Is a prepaid expense recorded initially as an expense?
A prepaid expense might be recorded initially as 1) an expense, or 2) as an asset.
1. If a prepaid expense is recorded initially as an expense, then at the end of an accounting period, only the true expense amount for the period should remain in the expense account. The future expense (the portion that has not yet expired; the unexpired part) must be credited to the expense account and debited to the prepaid asset account.
2. If a prepaid expense is recorded initially in a prepaid asset account, the true expense of the period (the expired portion) needs to be removed and debited to the related expense account. The remaining amount in the prepaid asset account should be the unexpired portion.
Let’s illustrate these two possibilities by assuming that an insurance premium of $6,000 is paid on December 1. This cost covers the six month period of December 1 through May 31. As a result the monthly expense will be $1,000. Let’s also assume that the company did not have any insurance prior to December 1.
1. On December 1, the account Insurance Expense was initially debited for $6,000 and Cash was credited for $6,000. On December 31, an adjusting entry will be needed to debit Prepaid Insurance for $5,000 and to credit Insurance Expense for $5,000. After this adjusting entry is recorded, the balance in Insurance Expense will be December’s true expense of $1,000 (original debit of $6,000 minus the adjusting entry credit of $5,000) and the balance in Prepaid Insurance will be the debit of $5,000. This represents five months of cost that has not yet expired (5 months x $1,000 per month).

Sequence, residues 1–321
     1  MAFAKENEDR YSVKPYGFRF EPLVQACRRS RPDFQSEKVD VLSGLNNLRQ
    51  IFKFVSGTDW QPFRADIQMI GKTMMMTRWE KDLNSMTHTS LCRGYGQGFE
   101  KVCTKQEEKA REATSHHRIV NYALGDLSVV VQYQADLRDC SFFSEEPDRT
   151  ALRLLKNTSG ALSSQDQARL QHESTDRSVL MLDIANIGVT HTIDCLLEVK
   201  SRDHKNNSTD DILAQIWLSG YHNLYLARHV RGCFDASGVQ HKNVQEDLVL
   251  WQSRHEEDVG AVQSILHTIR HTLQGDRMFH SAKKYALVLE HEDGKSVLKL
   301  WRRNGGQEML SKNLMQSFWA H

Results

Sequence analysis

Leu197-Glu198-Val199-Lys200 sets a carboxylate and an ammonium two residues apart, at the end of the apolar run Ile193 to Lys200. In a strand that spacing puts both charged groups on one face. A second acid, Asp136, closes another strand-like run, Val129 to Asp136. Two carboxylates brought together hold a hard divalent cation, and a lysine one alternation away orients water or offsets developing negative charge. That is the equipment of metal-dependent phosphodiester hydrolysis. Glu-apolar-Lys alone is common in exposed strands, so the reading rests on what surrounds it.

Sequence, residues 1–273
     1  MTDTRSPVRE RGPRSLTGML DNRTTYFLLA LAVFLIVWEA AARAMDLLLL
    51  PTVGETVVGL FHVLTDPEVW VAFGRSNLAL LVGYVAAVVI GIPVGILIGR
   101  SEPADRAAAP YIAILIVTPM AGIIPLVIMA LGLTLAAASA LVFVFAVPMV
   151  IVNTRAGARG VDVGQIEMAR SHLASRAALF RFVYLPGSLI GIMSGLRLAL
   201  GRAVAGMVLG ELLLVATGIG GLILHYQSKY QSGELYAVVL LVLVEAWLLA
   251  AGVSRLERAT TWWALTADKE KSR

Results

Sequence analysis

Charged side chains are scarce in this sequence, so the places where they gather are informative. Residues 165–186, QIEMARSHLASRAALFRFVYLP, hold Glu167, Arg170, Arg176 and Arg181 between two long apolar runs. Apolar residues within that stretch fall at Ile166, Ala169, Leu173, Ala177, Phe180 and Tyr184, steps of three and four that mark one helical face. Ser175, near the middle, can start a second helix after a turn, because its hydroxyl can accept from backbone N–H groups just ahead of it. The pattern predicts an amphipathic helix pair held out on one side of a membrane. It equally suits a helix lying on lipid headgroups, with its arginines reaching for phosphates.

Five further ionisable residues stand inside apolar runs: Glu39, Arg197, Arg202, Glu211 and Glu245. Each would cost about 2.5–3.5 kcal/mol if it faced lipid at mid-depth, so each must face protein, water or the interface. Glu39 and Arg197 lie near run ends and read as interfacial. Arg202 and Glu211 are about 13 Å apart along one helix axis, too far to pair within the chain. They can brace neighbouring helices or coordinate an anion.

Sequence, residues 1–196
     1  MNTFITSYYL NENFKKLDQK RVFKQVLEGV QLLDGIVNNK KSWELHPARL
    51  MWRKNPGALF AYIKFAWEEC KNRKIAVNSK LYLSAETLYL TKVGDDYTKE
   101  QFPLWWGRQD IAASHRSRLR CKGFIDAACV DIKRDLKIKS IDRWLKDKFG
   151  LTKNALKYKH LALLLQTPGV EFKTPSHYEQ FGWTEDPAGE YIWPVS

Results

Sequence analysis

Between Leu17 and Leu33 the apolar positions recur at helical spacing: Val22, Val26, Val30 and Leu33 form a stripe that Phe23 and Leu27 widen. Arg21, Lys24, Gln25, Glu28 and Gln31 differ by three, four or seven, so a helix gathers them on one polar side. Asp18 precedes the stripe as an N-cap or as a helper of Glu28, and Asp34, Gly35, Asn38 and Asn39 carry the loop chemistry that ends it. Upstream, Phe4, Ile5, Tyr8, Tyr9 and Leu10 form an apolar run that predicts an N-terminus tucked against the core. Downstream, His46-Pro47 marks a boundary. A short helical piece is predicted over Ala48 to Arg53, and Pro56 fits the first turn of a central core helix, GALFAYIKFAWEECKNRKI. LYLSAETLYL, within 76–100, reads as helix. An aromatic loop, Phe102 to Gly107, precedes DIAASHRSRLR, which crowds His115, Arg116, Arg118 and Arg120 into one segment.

2. On December 1, the account Prepaid Insurance was initially debited for $6,000 and Cash was credited for $6,000. On December 31, an adjusting entry will be needed to debit Insurance Expense for $1,000 (the amount that expired during December) and to credit Prepaid Insurance for $1,000. After this adjusting entry is recorded, the balance in the asset Prepaid Insurance will be $5,000 (the initial debit of $6,000 minus the credit of $1,000; and the unexpired amount consisting of 5 months x $1,000 per month). The account Insurance Expense will report the debit of $1,000.
Usually there would be insurance coverage prior to December 1. In that case the year-to-date balance in the expense account should be equal to the expired insurance cost during the year-to-date period. If there is a conflict between getting the prepaid asset balance to be correct and the expense balance to be correct, make certain that the prepaid asset balance is correct.
Learn more about Adjusting Entries.
About the Author: Harold Averkamp (CPA) has worked as an accountant, consultant, and university accounting instructor for more than 25 years. He is the creator and author of all the content found on AccountingCoach.com. You can read 1,500 testimonials praising his ability to explain accounting in a way that anybody can understand.
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